I know Alberta as Grandma Metzger, as she married Jim about a month after I was born. Jim was the complete opposite of Harold Fairhurst, he would talk in a funny voice to get a laugh and was a much happier guy than the grumpy, silent man that I knew Harold to be.

James Metzger and Alberta Lou Fleming

Their (Alberta’s and Jim’s) time together seemed like it was filled with joy, they managed apartments and condominiums together, she worked in the office while he was the handy man for the complexes. It suited them. When I was about 3 or 4 they moved to Florida to do their thing in the Sarasota area.

One of my favorite photos of my Grandma Metzger (Alberta Lou Fleming) and her husband, Jim Metzger. This photo was amongst those found amongst my Grandma’s pictures.

My family and I visited them when I was 6 over Spring Break from school. I remember going to the Ringling Museum and stopping to see my Aunt and her family as they lived in Tennessee on our way down. We went down with my Great-Grandma Fleming (Mildred Laura Dunbar) and it was a fun time.

My mom, Cynthia Anne Fairhurst and my great-grandmother, Mildred Laura Dunbar, visiting in 1979

My sister and I went and visited my grandparents after she graduated from high school in 1986. We spent 6 weeks in Florida, helped them move, went to Disney and Busch Gardens Tampa and got reacquainted with my Aunt Teri and her youngest son. Strangely enough my Grandpa Fairhurst was living with Aunt Teri at the time, so he was there too. There was a Sunday when everyone came over where they lived at the condo where you walked about 100 steps out the front door and you were at the pool, a 100 steps out the back door and you were at the Gulf of Mexico. This was my favorite of the two places she worked while we were there. It was on Turtle Beach as part of the Siesta Keys and was just a great place.

Muffin, my grandparents cat, laying on a balcony at Sunset Towers in Sarasota

It was this trip to Florida that I really got to know my Grandma and her wonderful sense of humor which included an extremely quick wit. I wish I had her comebacks because she was the absolute best. I forget what was going on when but out of the blue she exclaimed “Shit! Fire! and save matches!” and I had never heard that expression before but I giggled so much from it.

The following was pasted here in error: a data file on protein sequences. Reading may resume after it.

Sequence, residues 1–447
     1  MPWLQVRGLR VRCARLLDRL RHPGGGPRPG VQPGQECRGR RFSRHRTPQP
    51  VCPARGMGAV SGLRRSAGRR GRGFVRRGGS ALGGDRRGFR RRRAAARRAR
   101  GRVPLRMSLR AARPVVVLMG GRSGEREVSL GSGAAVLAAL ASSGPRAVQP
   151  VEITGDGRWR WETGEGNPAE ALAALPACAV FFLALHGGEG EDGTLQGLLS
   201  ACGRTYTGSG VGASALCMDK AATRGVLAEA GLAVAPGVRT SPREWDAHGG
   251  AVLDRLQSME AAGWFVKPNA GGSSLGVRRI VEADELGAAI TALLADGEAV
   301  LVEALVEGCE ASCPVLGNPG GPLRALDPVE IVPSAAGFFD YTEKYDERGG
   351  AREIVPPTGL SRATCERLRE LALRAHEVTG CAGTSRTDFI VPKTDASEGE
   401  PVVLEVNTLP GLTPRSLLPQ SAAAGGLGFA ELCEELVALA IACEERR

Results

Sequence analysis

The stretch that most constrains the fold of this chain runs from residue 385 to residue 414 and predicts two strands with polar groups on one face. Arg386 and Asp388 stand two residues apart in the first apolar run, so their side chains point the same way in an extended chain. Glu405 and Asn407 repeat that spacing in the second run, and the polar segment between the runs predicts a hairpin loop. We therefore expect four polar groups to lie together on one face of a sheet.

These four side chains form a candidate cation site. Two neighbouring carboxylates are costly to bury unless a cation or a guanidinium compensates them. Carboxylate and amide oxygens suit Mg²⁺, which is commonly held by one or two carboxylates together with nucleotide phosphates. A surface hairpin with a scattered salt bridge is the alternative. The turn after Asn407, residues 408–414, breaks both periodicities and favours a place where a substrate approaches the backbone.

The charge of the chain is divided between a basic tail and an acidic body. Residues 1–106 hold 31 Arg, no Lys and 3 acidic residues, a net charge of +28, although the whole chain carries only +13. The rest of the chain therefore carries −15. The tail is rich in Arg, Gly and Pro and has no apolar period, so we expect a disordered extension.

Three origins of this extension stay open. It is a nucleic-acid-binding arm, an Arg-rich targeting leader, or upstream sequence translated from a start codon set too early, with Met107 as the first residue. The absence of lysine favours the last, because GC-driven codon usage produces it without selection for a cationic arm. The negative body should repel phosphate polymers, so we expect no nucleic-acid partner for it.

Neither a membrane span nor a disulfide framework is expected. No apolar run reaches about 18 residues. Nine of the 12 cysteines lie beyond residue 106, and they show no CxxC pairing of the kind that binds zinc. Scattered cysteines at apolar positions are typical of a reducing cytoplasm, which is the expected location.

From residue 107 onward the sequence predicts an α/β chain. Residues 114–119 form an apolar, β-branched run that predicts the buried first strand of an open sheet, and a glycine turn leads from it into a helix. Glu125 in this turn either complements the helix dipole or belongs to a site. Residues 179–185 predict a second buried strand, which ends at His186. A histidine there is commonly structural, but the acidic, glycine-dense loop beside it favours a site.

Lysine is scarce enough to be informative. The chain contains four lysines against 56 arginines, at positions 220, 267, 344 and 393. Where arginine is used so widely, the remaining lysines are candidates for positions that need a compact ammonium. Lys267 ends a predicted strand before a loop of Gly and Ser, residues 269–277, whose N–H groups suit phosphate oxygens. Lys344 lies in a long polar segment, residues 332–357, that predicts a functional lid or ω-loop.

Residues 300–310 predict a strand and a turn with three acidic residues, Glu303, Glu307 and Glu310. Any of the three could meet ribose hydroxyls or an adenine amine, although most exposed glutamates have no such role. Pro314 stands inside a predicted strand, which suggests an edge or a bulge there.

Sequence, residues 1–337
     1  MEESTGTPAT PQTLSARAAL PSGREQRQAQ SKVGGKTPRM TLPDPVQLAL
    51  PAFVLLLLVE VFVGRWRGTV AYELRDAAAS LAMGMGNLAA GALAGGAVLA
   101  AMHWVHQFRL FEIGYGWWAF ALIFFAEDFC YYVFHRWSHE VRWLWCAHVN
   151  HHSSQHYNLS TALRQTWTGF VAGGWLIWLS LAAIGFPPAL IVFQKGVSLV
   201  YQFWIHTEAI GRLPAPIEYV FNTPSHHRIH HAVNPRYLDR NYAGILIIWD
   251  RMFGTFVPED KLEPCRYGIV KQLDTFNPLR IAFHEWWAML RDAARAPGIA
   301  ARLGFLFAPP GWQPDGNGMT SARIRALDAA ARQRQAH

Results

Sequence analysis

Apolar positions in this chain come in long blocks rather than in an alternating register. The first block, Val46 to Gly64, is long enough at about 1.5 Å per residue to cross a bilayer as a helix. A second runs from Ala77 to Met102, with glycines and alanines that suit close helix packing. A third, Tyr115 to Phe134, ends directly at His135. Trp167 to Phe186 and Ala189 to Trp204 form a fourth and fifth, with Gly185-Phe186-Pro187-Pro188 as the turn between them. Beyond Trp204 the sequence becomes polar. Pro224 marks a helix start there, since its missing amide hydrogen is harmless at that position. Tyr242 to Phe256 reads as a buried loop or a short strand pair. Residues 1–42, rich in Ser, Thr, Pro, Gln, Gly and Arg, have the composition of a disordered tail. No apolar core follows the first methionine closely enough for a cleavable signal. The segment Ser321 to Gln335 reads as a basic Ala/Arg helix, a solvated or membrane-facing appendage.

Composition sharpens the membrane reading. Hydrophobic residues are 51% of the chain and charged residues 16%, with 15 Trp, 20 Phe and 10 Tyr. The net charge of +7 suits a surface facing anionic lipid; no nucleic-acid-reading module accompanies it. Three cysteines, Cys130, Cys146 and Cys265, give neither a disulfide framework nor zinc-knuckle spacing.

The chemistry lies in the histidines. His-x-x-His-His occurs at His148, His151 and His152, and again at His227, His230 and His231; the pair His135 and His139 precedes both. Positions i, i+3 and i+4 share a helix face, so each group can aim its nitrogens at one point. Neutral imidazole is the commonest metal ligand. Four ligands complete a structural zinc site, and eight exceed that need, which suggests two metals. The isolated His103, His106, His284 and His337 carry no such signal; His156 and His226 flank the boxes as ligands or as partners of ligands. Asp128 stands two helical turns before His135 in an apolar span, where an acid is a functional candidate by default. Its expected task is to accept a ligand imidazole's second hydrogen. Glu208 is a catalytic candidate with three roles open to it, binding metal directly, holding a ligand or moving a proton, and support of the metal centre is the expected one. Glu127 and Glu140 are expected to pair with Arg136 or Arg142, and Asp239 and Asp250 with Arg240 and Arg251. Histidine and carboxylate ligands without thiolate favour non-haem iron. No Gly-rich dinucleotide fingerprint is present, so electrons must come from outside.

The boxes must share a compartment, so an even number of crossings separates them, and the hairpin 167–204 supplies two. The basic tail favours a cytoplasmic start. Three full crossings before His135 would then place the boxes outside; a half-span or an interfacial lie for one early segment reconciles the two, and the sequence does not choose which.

A working girl

It was this same trip that I learned how abusive my Grandfather, Harold Fairhurst, was to her and her kids. It was something that my mom eluded too but I didn’t really know how bad it seemed to be.

Cancer

In 1988 Alberta was diagnosed with throat cancer. I remember the year from when I was driving up with my sister to visit her at University Hospital in Cleveland. Her and Grandpa Jim had moved up to Ohio the year before and began managing apartments in Bedford (a suburb of Cleveland). The radiation treatments and chemotherapy got rid of the cancer, but they destroyed her salivary glands, and she had a difficult time eating after that. My sister just commented the other day about how Grandma could make an amazing sandwich and she was unable to do so after cancer.

But the big C didn’t get my Grandma down for long. She still had her Christmas Eve party each year and normally had a celebration on the 4th of July for her oldest son’s birthday. I enjoyed the get togethers as it was the one time of the year when the whole family would get together and I’d get to see my cousins.

Her 65th Birthday

I’m going to guess it is her 65th birthday that Grandpa Jim had a surprise party for her. Below are some photos from the special day. From left to right is James Metzger, then a photo of me (my back is turned), my cousin Tommy Weekley (his back is also turned), and my other grandma, Anna Maria Morgart, then a photo of Alberta Lou Fleming heading up a line of well-wishers, and the large photo at the bottom is me again (still my back is turned), Alberta Lou Metzger, Cynthia Anne Fairhurst (my mom, she is profiled), and then on the far right you can see the face of my cousin, Jaclyn Dawn Fairhurst (with the white baseball cap on).

Eventually my grandparents moved to Columbus in the mid-1990’s and finally settled at a trailer park in Groveport. There were a few family get togethers the weekend before or after Christmas, but never the same as Bedford (not everyone had the time to drive a few hours to and fro).

James Edward Metzger and Alberta Lou Fleming at their trailer in Groveport

Her Last Few Years